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Office Location 18902 89th Ave E
Puyallup, WA 98375
Phone: (253) 820-2745
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Does the bank really want to sell that house?

Posted by Brett Tousley on Tuesday, March 22nd, 2011 at 12:49pm.

If you are in the market for a new home, most likely you've run into a foreclosed home lately.  Foreclosures and short sales make up a significant portion of our current inventory on the market.  As a home buyer, you need to be prepared for the realities of buying a foreclosed home.


Here's a few tips that will help you through the process of buying a foreclosed home.

1. Get yourself pre approved 

Banks will not even consider your offer without a pre approval letter attached. In fact, many banks/asset managers will require you to speak with their lender of choice as well to verify your financing before accepting your offer.

2. Know your financing options 

Some types of financing are better suited to buying a foreclosed home than others.  You need to have a good working knowledge of the condition requirements your bank will place on the home.  Most foreclosed homes will have some deferred maintenance that must be addressed before someone will lend you money to buy it.  There are ways to work around these issues but you need to have your research in place before you fall in love with a home that may not qualify for your financing.

3. Understand the game 

Buying a foreclosure can be quite a different experience than a traditional home sale.  For starters, many of the homes may have offers on them well before they show up on the mls as Pending.  The cause of this delay is the banks method of negotiating.  It's not uncommon for a home to have a verbally accepted offer show up on the mls for another 10 days as Active.  

4. Be realistic 

If you are an average home buyer using average financing, you need to be realistic in your expectations of what a "good deal" is.  Banks price their homes to move quickly, they don't always hit the mark, but it's pretty common to have competition from other buyers.  It's a tried and true selling strategy, price low to attract multiple offers and then counter them all.  Many times bank owned homes will actually sell for more than the list price.  If you are working with a buyer broker that represents only you in the transaction, they can give you some guidance on writing a winning offer.

5. Hire your own real estate broker

Before you consider buying a foreclosed home, secure a good experienced real estate broker to help you through the process.  A good real estate broker will have experience working with many different banks and their representatives. Don't be afraid to ask how many buyers they've helped recently buy a foreclosed home.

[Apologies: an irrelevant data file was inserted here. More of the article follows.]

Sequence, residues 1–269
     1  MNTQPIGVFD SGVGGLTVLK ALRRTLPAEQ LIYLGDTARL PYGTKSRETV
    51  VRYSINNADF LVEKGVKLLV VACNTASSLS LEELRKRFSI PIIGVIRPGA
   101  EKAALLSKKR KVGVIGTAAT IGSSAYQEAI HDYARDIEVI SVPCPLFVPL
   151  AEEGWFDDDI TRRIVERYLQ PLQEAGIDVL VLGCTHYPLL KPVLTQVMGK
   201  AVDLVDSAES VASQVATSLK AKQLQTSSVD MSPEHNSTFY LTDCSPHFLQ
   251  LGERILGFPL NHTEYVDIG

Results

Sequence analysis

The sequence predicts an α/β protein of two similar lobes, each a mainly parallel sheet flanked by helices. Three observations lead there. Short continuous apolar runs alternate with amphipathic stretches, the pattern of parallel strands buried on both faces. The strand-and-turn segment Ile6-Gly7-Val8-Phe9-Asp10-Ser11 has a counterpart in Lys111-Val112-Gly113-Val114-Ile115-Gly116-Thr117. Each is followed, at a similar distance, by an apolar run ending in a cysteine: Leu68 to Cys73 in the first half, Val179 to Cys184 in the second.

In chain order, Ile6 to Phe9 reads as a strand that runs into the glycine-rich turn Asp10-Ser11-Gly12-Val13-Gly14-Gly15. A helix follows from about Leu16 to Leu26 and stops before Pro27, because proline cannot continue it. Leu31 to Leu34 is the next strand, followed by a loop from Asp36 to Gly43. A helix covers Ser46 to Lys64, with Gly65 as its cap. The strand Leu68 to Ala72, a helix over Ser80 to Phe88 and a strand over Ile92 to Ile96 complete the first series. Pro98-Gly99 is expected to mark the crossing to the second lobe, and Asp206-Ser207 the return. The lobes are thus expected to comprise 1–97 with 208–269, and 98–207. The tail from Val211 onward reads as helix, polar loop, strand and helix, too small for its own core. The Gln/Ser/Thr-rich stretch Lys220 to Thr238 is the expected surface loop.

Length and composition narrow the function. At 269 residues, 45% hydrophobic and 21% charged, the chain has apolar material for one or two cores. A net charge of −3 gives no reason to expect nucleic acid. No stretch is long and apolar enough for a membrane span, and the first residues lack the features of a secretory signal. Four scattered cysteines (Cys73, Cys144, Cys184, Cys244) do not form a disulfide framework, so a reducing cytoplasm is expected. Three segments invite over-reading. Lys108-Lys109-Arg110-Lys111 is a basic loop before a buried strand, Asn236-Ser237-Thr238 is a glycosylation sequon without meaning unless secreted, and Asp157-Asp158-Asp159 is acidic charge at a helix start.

A good real estate broker can help you target the right types of homes for your particular financing and avoid wasting considerable time on homes that won't finance.  An experienced real estate broker working for you will increase your odds of successfully cashing in on this market significantly. 


There's a lot more to cover, but I'm off to buy a new video camera and preview some foreclosed homes for a client!  It's a jeans and boots type of day:) 


Brett Tousley is the designated broker and owner of NW Home Brokers.  He can be reached at 253-820-2745 or broker@nwhomebrokers.com

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2 Responses to "Does the bank really want to sell that house?"

Kevin Hughes wrote:
Foreclosures while making up such a significant part of our market, are not the easiest of transactions to tackle. Often times after seeing many many homes and finally selecting the perfect home, buyers face the daunting prospect of competing with 5-10 other excited buyers all trying to "win" the negotiation. A good agent/broker often makes the difference between getting the home or not and at the right price. An experienced real estate agent will help Buyers to accomplish a good home purchase at the right price in a level professional manner when others may get carried away by the thrill of the chase and pay way too much!

Posted on Saturday, April 30th, 2011 at 9:05pm.

Brett Tousley wrote:
In our market we're seeing the best bank owned homes drawing multiple offers, while similar homes in the neighborhood that are priced slightly higher will just sit on the market with little activity. If the average buyer actually read the bank addendums, they may consider a traditional resale home over a bank owned home. But right now, it's a price war and a beauty contest locally.

Posted on Sunday, May 1st, 2011 at 9:11pm.

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